Just as the interior of your home reflects your personality and lifestyle, so does your lower level. It can be as simple or as sophisticated as the rest of your home, with separate rooms or a free-flowing open plan with zones defined by area rugs or columns.
Buyers may want a luxurious entertainment space where the whole crowd can gather for sporting events on the giant TV screen. This area could include a small kitchen and bar for ease in serving food and drink.
Theater rooms are popular with customers, Overstreet said. "People like to have a place where they can watch TV and cheer on their teams without disrupting the rest of the home."
What family wouldn't welcome a nice dedicated room where the kids can play, which is another popular application for Overstreet clients. This can include everything from a toy room for youngsters to homework stations for serious students, or a pool table for recreation.
"We find that basements in our row-house designs provide that extra finished flex space that can be used as a second family room or home office," Bonk said.
"We show a beautiful finished English basement in our Braeden townhouse model at The Orchards in Lombard that illustrates smart architecture and the newest design trends for today's lifestyles," Bonk said. "We show a media room, game room and entertainment area, which is a big hit with our visitors."
Many M/I homebuyers envision using their basements in a similar way, maybe adding a wet bar for entertaining or a specific game table, Bonk said.
How homeowners set up their basements is only limited by the owners' imagination.
"We've done some pretty elaborate things down there -- built-in TVs, acoustical movie rooms, a lot of can lights. And a lot of people are putting in fireplaces," Overstreet said.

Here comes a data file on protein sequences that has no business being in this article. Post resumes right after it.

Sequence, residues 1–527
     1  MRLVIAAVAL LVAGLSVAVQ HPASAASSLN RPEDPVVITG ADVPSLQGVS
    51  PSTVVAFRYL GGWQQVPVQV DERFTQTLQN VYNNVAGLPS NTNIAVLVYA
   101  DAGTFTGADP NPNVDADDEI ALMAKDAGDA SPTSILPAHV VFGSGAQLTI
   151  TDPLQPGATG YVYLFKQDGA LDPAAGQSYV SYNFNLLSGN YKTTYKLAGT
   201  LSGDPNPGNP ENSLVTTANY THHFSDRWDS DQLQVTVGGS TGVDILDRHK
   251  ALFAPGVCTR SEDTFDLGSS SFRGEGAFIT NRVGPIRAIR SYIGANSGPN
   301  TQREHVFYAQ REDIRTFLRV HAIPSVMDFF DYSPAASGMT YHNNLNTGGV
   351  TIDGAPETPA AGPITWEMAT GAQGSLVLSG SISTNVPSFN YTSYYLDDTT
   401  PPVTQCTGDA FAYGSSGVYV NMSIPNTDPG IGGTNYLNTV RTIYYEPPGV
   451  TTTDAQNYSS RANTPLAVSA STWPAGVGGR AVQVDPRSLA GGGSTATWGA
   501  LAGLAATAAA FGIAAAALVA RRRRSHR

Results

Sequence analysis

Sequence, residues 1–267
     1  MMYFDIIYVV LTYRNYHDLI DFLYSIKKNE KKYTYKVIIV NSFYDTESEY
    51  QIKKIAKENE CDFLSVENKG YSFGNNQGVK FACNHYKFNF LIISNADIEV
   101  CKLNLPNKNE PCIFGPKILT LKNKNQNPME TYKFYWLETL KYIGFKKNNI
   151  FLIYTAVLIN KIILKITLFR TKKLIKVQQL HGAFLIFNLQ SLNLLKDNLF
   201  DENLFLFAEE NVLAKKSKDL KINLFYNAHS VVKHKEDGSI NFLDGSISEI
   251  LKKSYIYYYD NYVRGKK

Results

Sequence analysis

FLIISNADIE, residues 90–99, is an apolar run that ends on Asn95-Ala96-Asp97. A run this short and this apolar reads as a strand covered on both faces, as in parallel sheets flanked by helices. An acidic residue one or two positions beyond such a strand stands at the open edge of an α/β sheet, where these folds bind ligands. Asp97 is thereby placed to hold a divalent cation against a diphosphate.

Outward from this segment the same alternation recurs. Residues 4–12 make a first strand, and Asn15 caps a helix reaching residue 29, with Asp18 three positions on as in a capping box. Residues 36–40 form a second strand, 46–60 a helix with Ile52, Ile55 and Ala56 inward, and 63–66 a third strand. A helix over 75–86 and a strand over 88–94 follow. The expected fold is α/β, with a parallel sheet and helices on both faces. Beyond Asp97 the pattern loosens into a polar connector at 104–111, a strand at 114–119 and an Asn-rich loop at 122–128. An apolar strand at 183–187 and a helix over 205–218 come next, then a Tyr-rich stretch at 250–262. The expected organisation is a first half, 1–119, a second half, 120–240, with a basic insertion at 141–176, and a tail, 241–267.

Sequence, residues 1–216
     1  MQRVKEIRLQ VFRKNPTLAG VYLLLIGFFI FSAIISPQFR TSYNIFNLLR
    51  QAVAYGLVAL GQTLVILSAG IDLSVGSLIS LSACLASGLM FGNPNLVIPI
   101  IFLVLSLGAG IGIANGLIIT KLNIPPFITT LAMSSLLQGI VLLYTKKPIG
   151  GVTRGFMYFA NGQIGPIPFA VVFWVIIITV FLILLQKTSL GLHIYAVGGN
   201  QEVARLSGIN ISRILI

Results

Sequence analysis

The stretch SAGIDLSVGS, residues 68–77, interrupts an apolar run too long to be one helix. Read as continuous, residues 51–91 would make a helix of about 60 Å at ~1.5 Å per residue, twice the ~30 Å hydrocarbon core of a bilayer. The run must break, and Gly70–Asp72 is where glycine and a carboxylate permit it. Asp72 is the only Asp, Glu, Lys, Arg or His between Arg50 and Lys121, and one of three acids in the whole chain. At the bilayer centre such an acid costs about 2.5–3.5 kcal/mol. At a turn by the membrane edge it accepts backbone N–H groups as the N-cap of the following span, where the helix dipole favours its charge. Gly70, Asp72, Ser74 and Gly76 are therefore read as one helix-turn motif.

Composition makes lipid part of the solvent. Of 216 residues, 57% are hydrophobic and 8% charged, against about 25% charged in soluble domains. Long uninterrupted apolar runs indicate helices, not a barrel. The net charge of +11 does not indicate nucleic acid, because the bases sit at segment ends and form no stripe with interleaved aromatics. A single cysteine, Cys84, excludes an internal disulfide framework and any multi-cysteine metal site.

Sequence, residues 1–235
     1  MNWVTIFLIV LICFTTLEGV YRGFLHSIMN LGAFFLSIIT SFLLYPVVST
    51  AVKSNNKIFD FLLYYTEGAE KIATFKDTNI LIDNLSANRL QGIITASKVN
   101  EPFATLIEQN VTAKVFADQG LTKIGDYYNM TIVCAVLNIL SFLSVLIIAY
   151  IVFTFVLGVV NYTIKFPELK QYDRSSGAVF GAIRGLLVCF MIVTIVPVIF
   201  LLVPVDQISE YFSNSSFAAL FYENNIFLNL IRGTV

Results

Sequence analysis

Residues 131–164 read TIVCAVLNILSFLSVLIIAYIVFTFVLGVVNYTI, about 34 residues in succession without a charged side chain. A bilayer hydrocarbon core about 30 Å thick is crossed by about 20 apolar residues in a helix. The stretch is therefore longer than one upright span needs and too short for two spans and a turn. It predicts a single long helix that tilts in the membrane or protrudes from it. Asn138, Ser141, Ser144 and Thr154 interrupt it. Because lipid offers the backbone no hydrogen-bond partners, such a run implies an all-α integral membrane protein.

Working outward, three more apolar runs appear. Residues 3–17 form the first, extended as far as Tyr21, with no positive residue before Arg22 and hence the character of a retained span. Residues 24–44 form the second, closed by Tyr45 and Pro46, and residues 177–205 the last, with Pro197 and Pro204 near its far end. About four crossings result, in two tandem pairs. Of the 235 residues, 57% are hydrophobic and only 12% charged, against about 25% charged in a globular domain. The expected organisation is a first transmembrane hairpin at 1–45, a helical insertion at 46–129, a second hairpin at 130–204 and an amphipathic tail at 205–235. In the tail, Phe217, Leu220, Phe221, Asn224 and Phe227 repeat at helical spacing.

"In the past, we've done a 12-foot section and put in one of those simulated golf areas so a person can swing the club the full distance. With a regular 9-foot basement, there's not quite enough room.
"We've put in some fancy bars with kitchenettes. So those are popular; they're expensive, but they're popular."
The lower level also offers enough space for comfortable living quarters. Basements can be configured to create a separate suite complete with kitchen, bedroom, bath and small living area.
This is an option at Overstreet Builders. People with large families or in-laws living with them are able to move into a nice lower level customized to their desires, Overstreet said.
Bonk also sees a need for this type of living space with her clients. Downsizers often look for extra space for when their college-aged children come home. "Our basements can provide a bedroom, bath and bonus room to serve as a nice suite," Bonk said.
While Gerstad's older adult clientele don't often desire a finished basement, the company has designed a house specifically for multigenerational living, Roach said.
"We had a daughter and son-in-law buy a big two-story home, and they wanted a place with privacy for their parents. They each have their own separate living quarters, both on the main floor."